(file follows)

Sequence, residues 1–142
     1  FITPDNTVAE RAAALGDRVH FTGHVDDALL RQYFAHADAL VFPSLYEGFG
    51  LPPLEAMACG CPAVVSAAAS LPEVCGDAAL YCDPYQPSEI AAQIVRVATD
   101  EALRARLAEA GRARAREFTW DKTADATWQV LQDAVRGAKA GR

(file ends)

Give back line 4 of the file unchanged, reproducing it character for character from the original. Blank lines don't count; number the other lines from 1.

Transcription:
   101  EALRARLAEA GRARAREFTW DKTADATWQV LQDAVRGAKA GR